(Victor Valley)- – Spectacular Ice Age fossils entombed in ancient wetlands outside of Las Vegas are rewriting our understanding of prehistoric climate change in the American west. In sight of the famous Strip, new cutting-edge studies are combining geology, paleontology, and climate studies to make Las Vegas a linchpin in Ice Age investigations throughout southwestern North America. Kathleen Springer, Senior Curator of Geological Sciences at the San Bernardino County Museum, will give a presentation, “Fossils Beneath the Casinos,” at the Victor Valley Museum on Sunday, April 22 at 2:00 p.m. She will elaborate on exciting new discoveries from the Tule Springs area of the upper Las Vegas Wash. Her illustrated lecture is free with paid museum admission.
Geologists and paleontologists from the County Museum continue to actively explore the renowned Tule Springs area of the upper Las Vegas Wash as they have for over the past decade. Funded through a research grant from the Las Vegas field office of the Bureau Land Management, County Museum scientists have recovered thousands of fossils dating to the Pleistocene Epoch—the “Ice Ages”—from ancient spring deposits standing literally within eyesight of the famous Las Vegas Strip. The fossil collection, which includes remains of long-extinct mammoths, camels, horses, and bison, is the most complete and extensive of any ever recovered from the region. Yet the fossils, impressive though they are, comprise only part of the overall story.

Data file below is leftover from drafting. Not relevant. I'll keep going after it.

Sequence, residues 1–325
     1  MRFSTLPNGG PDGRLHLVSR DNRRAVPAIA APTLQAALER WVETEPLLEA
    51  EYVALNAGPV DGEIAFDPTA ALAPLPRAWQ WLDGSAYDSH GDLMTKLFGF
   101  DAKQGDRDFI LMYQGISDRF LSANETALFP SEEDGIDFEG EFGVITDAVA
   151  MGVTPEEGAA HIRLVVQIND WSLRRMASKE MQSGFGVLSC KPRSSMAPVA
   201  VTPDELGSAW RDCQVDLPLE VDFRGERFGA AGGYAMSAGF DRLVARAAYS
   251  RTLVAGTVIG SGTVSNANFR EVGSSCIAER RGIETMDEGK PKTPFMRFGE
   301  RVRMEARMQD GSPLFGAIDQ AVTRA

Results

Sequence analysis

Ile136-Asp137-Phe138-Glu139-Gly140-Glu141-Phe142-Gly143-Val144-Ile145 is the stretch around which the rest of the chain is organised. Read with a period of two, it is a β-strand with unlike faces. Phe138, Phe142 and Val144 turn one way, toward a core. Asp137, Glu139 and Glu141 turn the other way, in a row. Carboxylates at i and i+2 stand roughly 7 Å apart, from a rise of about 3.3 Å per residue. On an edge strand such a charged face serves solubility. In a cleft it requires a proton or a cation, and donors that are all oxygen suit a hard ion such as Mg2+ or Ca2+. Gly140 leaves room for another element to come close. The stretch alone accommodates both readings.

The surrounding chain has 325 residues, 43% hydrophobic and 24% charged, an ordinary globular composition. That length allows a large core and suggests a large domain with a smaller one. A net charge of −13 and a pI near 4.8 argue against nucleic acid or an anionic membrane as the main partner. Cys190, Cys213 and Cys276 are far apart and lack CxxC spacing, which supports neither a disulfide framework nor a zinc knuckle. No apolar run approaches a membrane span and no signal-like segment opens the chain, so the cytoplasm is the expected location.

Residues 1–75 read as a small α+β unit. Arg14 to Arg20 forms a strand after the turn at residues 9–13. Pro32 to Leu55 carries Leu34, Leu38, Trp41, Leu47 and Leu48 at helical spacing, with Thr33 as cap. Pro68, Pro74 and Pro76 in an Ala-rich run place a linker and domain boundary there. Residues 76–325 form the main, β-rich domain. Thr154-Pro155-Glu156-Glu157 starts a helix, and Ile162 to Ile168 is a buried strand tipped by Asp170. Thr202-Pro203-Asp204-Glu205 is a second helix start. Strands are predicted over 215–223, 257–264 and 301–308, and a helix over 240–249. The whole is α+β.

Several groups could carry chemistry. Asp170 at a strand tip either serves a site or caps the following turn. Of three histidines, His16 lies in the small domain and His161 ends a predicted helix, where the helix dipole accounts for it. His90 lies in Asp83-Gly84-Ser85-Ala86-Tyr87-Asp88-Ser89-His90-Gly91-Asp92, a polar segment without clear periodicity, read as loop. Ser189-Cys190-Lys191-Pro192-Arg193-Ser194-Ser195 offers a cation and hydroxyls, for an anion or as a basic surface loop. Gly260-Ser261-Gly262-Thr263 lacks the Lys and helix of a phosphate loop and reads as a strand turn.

“We’re all about the context,” said Springer, a geologist as well as a paleontologist. “In order to truly understand the Ice Ages, you need to go beyond the animals to look at their whole environment. The sediments alone speak volumes if you know how to really read the rocks. We’re exploring Tule Springs with a comprehensiveness and detail that nobody has attempted here in decades.”
Tule Springs and the upper Las Vegas Wash have long been known to contain fossils, based on studies conducted in the 1930s, 1950s, and 1960s. Those early investigations, noted Springer, sought to link the Ice Age behemoths with early humans. “When no cavorting of people and megafauna could be demonstrated, interest in the area waned,” she said. “But our interest was in the animals themselves, as well as in their geologic and climatic context. Our current efforts reveal that the changes in ancient climates can be tracked through tens of thousands of years in the Las Vegas Valley. We’re combining the geology and the paleontology here in a whole new way.”
The Victor Valley Museum is at 11873 Apple Valley Road in Apple Valley. The museum is open Wednesday through Sunday from 10 a.m. to 4 p.m. Admission is $5 (adult), $4 (senior or military), and $2.50 (student). Children under 5 and San Bernardino County Museum Association members are free. Parking is free. For more information, visit www.sbcountymuseum.org.
The museum is accessible to persons with disabilities. If assistive listening devices or other auxiliary aids are needed in order to participate in museum exhibits or programs, requests should be made through Museum Visitor Services at least three business days prior to your visit. Visitor Services’ telephone number is 909-307-2669 ext. 229 or (TDD) 909-792-1462.